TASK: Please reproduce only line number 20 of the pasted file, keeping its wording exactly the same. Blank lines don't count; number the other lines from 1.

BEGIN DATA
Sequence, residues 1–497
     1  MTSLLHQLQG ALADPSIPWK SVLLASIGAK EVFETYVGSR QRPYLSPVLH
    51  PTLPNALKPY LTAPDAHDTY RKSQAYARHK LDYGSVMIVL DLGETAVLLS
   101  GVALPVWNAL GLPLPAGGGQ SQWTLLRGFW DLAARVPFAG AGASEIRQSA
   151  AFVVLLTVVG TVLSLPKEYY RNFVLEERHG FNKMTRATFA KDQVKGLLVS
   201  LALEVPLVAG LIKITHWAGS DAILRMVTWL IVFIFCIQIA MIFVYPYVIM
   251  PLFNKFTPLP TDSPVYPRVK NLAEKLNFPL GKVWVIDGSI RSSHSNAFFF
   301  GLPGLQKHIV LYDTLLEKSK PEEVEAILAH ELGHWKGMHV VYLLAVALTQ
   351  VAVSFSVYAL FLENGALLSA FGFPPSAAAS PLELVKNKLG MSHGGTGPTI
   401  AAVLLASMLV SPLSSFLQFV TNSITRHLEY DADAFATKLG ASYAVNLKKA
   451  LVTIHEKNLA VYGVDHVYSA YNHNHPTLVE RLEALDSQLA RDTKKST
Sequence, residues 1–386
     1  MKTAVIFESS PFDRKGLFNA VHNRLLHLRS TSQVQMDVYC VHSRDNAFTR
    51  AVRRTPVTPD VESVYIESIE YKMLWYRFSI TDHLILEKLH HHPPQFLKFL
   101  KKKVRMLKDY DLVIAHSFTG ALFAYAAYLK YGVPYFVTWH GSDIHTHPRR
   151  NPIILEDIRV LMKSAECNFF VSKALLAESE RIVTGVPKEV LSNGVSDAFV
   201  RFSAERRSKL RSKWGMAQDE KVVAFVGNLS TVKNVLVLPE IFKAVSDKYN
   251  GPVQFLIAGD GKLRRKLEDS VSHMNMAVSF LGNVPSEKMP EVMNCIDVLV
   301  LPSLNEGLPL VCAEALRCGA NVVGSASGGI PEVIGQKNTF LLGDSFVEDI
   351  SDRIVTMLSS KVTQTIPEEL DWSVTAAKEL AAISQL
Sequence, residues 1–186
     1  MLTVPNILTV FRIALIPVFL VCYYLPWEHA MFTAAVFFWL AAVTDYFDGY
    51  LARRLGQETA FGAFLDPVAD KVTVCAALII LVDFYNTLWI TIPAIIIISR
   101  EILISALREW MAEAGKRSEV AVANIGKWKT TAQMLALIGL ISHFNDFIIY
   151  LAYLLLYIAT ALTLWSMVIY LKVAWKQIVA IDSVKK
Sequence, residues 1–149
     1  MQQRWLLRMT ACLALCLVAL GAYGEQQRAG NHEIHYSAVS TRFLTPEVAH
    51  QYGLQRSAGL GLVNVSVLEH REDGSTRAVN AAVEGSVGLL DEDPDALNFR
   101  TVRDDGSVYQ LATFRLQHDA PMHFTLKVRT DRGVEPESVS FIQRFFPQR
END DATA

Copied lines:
   351  SDRIVTMLSS KVTQTIPEEL DWSVTAAKEL AAISQL